“Commentator Prakash Wakankar, Sunandan Lele, Vinit Deo, Indraneel Chitale everybody brings a lot of experience from their respective fields. These mentors give us solutions to our problems. They show us the path and we follow it.”
Platforms and responses
“In terms of engagements and conversations Twitter is the preferred platform and in terms of viewership, especially videos, Facebook is the platform which is driving our content. 85 per cent of our audience is from India and it is very widespread,” says Lahoti.
Recalling the lockdown days, Lahoti says, “After the Covid-19 pandemic hit last year, we have reinvented ourselves. We initially focussed a lot on on-ground coverage. What to do when for seven to eight months there is no cricket at all? We started doing lot more video content. We didn’t want people to forget us. Now the matches have resumed, so we are also back covering the game.”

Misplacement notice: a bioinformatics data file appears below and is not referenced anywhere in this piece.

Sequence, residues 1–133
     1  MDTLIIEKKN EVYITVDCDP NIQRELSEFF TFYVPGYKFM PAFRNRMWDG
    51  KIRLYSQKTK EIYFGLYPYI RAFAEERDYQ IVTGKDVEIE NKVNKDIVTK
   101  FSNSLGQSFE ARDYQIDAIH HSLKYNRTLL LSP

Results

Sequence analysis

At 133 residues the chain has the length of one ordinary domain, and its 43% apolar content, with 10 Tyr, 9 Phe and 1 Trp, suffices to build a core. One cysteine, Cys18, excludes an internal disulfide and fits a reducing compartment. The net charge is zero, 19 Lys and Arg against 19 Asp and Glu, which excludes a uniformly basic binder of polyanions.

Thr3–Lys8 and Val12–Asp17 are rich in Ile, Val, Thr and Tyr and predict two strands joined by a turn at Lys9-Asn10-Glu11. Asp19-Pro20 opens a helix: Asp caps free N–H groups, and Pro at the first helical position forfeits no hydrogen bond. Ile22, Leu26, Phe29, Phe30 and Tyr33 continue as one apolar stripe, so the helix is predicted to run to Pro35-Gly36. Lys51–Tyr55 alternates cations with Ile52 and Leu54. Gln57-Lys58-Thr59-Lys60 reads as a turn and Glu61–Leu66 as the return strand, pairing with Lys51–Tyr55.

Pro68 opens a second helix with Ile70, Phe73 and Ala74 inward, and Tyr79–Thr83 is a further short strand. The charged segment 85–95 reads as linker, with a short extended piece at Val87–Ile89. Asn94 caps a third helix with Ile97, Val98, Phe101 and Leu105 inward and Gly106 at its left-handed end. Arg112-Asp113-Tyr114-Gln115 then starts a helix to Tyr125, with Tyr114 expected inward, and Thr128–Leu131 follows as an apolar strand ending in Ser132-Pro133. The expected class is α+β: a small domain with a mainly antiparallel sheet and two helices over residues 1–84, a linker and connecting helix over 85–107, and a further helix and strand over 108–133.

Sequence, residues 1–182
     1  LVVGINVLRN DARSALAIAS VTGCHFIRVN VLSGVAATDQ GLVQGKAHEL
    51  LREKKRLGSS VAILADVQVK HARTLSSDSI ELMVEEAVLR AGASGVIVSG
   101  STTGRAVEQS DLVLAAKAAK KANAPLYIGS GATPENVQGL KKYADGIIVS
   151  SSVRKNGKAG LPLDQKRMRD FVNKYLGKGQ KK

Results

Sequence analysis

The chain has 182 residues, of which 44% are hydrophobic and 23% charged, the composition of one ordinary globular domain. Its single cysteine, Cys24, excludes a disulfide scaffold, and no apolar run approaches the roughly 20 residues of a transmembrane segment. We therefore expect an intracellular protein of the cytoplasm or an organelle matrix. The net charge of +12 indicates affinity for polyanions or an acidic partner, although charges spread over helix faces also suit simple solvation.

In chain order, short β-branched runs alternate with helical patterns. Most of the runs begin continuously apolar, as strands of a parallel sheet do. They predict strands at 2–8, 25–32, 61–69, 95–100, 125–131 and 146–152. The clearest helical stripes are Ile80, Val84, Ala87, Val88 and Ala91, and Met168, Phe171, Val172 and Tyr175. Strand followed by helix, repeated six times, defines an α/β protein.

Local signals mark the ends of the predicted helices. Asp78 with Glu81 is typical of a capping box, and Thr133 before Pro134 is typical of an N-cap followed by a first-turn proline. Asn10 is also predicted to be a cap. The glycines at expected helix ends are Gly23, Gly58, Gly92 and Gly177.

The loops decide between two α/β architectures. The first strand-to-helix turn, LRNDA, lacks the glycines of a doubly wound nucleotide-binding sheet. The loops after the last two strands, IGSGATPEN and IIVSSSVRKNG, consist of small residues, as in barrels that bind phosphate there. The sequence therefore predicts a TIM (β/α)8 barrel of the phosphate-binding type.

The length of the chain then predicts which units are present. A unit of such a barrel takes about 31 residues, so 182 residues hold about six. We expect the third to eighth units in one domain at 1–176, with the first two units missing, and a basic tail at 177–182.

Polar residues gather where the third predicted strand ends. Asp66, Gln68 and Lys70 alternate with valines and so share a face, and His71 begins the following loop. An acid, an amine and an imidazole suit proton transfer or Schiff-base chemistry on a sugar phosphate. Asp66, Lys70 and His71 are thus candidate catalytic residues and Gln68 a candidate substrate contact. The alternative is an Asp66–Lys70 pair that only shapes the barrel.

Says Lahoti, “Last year was very challenging, but next year is going to be very interesting. Consider the December 2021 to March 2023 period – in about 14 months we have three world cups. We have the first under-19 women’s cricket World Cup; the 50-over and 20-over World Cups. Women’s cricket will be played at the Commonwealth Games in Birmingham in July 2022. ICC has announced that there will be a women’s cricket global tournament every year from 2022 to 2031. So, for the next 10 years, there will be four 50-overs World Cups, four T-20 World Cups and two T-20 Champion’s Cups. The T-20 Champion’s Cup is a new category that ICC has introduced wherein the top six teams will participate. We are also expanding our portfolio and want to make women’s cricket content available and accessible to all.”